Although changing your diet may not be the answer to getting rid of your migraines completely, there have been many studies which suggest that eating certain foods could help to reduce migraine intensity and frequency.
Cannabidol oil (CBD), as the name might suggests, can be found in cannabis from the marijuana plant. This might suggest that it’s not something which should ever be used to treat medical conditions – given that it comes from an illegal drug. This isn’t the case though. CBD oil doesn’t contain more than a trace, if any, amount of tetrahydrocannabinol (THC for short) – which is the compound which produces the psychoactive effects of cannabis. So, though it’s not a commonly prescribed treatment, it is still a treatment which UK doctors can legally prescribe to a patient if they see fit.
Although Botox is most commonly thought of as a cosmetic surgery treatment designed to smooth out wrinkles, for some migraine sufferers it is their treatment of choice for reducing the number of migraine attacks they experience.
If you’re hoping to start a family, suffering from migraines shouldn’t be something to hold you back. Having said that, the idea of going without your migraine medication is an idea that would fill most migraine sufferers with dread. Unfortunately, many migraine medications aren’t safe to take if you’re pregnant or breastfeeding. That’s not to say that there aren’t any medications you can take though.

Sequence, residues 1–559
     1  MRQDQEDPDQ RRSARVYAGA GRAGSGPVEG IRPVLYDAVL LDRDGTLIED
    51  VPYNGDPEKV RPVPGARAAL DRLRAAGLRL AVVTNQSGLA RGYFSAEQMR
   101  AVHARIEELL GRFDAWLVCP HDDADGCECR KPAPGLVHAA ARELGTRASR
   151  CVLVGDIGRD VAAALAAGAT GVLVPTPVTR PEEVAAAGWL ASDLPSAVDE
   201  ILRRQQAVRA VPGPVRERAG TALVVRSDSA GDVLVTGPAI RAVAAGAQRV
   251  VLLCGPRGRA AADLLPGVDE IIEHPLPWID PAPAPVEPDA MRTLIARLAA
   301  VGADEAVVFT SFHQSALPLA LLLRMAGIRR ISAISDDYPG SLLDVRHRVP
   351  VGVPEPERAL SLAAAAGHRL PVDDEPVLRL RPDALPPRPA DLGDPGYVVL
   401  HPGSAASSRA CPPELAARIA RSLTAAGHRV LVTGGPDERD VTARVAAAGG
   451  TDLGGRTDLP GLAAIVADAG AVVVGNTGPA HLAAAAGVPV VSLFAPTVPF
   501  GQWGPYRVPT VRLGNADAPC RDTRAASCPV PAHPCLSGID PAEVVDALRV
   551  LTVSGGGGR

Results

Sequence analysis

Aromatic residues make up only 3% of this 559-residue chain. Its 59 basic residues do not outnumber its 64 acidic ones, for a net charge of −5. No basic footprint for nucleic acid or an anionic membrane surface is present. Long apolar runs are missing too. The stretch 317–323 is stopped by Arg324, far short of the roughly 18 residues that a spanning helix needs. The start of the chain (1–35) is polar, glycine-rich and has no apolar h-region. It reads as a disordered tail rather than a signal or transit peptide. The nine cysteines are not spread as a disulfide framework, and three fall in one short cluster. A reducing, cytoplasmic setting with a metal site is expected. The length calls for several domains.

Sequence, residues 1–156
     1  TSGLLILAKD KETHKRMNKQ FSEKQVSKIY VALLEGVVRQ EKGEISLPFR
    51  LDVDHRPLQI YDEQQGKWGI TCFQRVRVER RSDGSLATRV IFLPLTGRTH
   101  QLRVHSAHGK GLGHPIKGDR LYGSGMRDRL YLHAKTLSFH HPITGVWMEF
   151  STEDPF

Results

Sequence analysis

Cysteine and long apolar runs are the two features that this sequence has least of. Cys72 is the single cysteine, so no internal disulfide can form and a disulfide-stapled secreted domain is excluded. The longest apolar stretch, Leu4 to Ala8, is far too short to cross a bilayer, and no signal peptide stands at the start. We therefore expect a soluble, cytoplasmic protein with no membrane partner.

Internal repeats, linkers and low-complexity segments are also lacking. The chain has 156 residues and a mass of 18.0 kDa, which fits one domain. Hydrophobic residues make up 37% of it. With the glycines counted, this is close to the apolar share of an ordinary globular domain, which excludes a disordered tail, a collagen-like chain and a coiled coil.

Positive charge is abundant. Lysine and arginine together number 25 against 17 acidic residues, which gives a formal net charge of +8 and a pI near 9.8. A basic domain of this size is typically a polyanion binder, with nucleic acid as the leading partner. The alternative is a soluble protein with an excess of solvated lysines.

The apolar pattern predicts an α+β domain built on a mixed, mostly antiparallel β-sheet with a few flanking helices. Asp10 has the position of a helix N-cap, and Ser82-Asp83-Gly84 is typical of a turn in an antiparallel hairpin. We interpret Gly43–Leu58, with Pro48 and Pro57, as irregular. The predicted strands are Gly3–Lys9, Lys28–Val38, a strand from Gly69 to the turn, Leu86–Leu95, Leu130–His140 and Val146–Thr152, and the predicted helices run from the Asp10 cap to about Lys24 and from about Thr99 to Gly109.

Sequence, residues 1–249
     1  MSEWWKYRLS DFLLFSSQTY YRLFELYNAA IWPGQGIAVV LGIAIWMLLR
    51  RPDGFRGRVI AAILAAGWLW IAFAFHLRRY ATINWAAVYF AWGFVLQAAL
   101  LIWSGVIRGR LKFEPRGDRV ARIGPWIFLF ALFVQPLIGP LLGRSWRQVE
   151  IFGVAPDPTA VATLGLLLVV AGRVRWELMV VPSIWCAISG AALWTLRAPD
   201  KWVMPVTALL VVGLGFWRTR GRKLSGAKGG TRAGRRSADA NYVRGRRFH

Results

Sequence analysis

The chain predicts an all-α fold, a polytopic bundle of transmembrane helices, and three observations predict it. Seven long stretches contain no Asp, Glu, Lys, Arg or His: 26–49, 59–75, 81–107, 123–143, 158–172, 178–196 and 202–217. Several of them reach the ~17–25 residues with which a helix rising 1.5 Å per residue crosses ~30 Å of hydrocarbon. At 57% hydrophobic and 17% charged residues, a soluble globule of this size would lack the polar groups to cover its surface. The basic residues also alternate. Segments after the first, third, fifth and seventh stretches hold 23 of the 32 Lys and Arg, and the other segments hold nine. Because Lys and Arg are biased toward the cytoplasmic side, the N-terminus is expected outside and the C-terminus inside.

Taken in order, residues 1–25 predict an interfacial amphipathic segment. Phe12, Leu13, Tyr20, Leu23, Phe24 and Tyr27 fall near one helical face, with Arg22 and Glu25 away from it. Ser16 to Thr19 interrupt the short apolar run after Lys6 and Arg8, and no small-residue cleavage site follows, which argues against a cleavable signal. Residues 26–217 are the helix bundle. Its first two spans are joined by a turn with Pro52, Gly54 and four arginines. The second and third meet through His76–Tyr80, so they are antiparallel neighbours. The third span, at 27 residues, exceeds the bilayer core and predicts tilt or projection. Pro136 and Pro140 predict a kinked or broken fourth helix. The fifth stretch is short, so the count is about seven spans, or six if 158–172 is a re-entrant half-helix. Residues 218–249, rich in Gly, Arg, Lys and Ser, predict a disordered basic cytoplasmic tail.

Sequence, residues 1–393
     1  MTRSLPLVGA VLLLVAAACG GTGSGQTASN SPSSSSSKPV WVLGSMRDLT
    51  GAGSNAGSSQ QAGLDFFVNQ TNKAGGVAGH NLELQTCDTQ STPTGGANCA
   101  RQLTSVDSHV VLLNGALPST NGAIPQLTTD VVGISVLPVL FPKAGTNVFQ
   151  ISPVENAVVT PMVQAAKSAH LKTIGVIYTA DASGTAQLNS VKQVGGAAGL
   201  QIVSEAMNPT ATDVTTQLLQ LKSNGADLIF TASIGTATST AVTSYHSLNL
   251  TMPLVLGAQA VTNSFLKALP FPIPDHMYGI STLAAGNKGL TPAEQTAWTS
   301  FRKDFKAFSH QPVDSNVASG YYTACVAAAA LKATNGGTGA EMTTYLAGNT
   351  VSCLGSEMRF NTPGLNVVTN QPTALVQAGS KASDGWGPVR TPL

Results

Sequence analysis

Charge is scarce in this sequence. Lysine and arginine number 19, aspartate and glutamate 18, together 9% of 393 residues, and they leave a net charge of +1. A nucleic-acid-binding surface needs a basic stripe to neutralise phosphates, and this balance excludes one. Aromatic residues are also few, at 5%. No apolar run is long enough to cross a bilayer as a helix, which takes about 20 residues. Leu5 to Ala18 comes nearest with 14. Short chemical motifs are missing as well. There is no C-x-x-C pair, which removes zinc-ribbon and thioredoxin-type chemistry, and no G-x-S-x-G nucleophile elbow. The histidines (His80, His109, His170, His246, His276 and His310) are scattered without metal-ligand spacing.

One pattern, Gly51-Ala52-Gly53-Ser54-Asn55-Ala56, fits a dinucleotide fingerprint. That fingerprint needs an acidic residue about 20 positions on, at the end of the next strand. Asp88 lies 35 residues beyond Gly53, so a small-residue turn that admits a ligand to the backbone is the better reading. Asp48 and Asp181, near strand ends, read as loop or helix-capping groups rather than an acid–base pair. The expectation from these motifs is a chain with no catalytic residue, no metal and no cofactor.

The National Institute for Health and Care Excellence (NICE) has rejected the proposal that the NHS fund the use of a new treatment called Aimovig for migraine sufferers, despite its being approved for use in Europe last July as the region’s first treatment designed specifically to prevent migraines.
According to a study recently published in the Journal of Child Neurology, children who experience migraines with an aura are more likely (than those children who experience migraine without aura) to have at least one thrombotic risk factor.
According to a recent study, women who suffer with migraines have a significantly reduced risk of developing type 2 diabetes. The study also discovered that, in the years before a diabetes diagnosis, the frequency of migraines decreased.
If you’re not sure whether what you have is a migraine or a headache, then this handy checklist should help. Although, everyone’s headaches and migraines are a bit different, hopefully these general guidelines will be a means of differentiating a tension headache from a migraine.
There are some definite feel-good effects that come from having a workout. When we exercise, our bodies release endorphins which give us an euphoric natural high. Plus, endorphins act as analgesics, meaning that they diminish the perception of pain, which is an excellent reason to go and spend some quality you-time at the gym. However, when you also suffer from migraines there’s always a worry in the back of your mind in most aspects of day-to-day life – “will this trigger a migraine?”. Or, if you’ve already got a migraine, “will this make my migraine worse?”.